Oligosaccharides typically available for use in swine diets have the common feature that the glycosides are linked via a β bond. This is important since it ensures that the carbohydrate will be available for fermentation by the intestinal microflora. The oligosaccharides differ substantially in their monosaccharide composition and degree of polymerization. The oligosaccharides function as prebiotics. Prebiotics refer to compounds that influence dominant microbial species in the intestinal microbial population. Typically, the prebiotic functions by providing a substrate that allows specific bacterial specie(s) to predominate, and that bacterial specie(s) confers an intestinal health advantage to the animal. The specie-specific function of oligosaccharides makes the monosaccharide composition and degree of polymerization vitally important. The polymer length and monosaccharide composition must be recognizable by the organism that is being selected for propagation in the intestinal tract.
Our research model has been a short chain fructooligosaccharide (scFOS) fed to swine. This compound was selected because it was identified in human and swine milk, was shown to have health benefits in human infants and patients recovering from intestinal anastomosis. The health benefit was believed to occur via the trophic effect of scFOS on the Bifidobacteria population. Bifidobacteria are associated with the intestinal mucosa, are believed to stimulate mucin production by the intestinal epithelia, and synthesize antimicrobial compounds apparently specific against several pathogenic species of bacteria. Our research demonstrated that feeding scFOS increased surface area of the large and small intestine without increasing the proliferative zone of the epithelia. Protein digestion was improved, and growth rate of the pig was also improved. In a pathogenic Escherichia coli experiment, feeding scFOS prevented infection in the neonatal pig. Likewise, in a pathogenic Clostridium difficile experiment feeding scFOS prevented infection in hamsters. We have repeatedly measured a reduction in fecal population of food-born pathogenic bacteria. Feeding scFOS also reduced the concentration of aromatic compounds in the feces, and consequently the malodor associated with excreta. The reduction in skatole could also improve meat quality by reducing the compound primarily associated with boar taint.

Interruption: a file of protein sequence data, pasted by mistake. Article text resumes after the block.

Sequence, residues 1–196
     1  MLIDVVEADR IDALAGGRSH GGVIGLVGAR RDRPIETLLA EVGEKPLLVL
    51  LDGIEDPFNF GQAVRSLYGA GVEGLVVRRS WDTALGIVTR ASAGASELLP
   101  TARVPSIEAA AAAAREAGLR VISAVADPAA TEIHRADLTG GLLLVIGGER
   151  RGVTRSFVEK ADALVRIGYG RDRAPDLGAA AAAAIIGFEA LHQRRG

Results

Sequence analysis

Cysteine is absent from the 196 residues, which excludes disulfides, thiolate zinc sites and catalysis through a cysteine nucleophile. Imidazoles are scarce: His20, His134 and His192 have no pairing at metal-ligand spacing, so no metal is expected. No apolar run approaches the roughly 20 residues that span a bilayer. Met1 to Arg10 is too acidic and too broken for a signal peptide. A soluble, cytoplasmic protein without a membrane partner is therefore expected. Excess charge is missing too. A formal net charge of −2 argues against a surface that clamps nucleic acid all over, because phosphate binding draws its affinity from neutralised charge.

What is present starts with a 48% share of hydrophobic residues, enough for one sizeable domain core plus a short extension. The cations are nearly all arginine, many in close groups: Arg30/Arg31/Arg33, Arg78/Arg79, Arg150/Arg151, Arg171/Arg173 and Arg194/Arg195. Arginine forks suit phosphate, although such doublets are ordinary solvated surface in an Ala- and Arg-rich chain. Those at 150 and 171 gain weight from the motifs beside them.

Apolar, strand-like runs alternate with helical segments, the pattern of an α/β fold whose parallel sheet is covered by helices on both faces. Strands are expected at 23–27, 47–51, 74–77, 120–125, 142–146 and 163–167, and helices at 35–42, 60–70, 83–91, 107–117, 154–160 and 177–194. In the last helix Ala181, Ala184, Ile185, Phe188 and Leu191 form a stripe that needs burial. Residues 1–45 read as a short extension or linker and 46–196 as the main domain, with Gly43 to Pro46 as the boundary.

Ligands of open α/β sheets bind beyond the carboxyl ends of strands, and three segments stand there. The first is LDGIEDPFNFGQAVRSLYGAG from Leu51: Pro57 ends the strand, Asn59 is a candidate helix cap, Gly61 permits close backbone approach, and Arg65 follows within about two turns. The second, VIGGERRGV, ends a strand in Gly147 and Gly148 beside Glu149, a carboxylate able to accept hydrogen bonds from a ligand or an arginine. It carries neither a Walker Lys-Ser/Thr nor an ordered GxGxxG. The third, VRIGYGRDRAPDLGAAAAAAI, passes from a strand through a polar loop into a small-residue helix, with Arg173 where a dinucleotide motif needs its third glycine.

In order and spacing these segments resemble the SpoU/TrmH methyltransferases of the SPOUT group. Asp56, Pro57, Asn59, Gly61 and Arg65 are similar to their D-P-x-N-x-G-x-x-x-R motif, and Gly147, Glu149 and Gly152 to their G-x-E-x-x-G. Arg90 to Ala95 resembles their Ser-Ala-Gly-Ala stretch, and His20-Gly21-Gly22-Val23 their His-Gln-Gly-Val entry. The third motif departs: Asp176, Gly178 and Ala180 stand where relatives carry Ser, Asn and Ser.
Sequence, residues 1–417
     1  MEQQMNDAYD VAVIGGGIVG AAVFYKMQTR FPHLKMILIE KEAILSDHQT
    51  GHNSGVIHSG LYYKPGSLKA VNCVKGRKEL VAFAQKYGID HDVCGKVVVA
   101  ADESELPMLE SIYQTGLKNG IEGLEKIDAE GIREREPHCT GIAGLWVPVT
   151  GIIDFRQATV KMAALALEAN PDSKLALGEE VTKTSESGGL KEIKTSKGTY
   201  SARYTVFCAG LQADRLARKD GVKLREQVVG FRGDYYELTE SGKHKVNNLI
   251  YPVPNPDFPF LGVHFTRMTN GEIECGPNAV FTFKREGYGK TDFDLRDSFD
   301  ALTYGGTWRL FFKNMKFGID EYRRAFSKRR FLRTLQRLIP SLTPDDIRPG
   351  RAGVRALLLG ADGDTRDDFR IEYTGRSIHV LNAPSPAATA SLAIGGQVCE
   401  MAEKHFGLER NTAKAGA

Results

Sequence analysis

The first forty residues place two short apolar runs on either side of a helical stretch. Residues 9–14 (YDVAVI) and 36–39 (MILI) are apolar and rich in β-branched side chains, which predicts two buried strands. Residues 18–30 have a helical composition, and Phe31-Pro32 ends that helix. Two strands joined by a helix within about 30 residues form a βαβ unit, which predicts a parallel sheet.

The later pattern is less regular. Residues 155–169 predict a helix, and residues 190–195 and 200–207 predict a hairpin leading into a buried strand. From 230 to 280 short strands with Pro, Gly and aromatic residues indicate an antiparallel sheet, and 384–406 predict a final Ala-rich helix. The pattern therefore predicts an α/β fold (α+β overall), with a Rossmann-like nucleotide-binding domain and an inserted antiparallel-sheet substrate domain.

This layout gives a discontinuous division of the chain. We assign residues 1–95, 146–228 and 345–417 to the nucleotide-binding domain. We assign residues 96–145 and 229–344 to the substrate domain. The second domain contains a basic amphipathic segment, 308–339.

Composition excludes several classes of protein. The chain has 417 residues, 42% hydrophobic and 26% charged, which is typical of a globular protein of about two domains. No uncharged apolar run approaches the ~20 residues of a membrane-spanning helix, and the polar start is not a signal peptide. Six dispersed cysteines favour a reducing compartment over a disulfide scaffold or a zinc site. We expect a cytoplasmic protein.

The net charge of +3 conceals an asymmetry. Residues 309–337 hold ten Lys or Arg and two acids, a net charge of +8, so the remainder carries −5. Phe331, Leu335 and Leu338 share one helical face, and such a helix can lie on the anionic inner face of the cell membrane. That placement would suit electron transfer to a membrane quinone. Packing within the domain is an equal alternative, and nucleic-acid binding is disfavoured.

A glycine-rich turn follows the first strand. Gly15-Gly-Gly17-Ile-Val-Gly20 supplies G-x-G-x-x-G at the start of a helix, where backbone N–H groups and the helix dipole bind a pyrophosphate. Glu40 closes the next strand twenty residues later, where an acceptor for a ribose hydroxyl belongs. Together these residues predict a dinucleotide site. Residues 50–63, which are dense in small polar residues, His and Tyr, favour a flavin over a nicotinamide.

The prebiotic effect can occur either by direct effect upon a pathogenic organism or by stimulating growth of beneficial microflora that in turn reduce the growth potential of pathogenic microflora. The first step in evaluating oligosaccharides is to determine the prebiotic mode of action preferred and its specificity. In the scFOS model that we have used, scFOS was selected for its specificity to stimulate growth of Bifidobacteria. Bifidobacteria are unique in that they synthesize β galactosidase, with high specificity for short chain galactosides. Thus, feeding scFOS provides a substrate in the intestinal tract that promotes the growth of Bifidobacteria. Equally important, the scFOS is not well used or not used at all by other bacterial species, especially potential pathogens such as Escherichia coli or Salmonella species. The oligosaccharide should be characterized for its influence upon both the target and nontarget microbial species in the intestinal tract. Specificity of the oligosaccharide will be determined by the monosaccharide composition, degree of polymerization, and spatial arrangement of the oligosaccharide.
Finally, the oligosaccharide should also be characterized for its fermentation characteristic. The species of bacteria selected by the oligosaccharide will influence the end products of fermentation. Increased yields of butyric acid are potentially beneficial, given the effect of butyric acid on growth of intestinal mucosa. The fermentation rate of the oligosaccharide can influence the region of the intestinal tract that increased fermentation occurs. Rapidly fermented oligosaccharides most likely have greater influence in the jejunum, cecum, and proximal colon whereas oligosaccharides with a more moderate fermentation rate would exert their influence more distally. While the research is lacking to support this hypothesis, the greatest benefit might be realized when a diet was formulated to enhance fermentation throughout the fermentative region of the intestinal tract.
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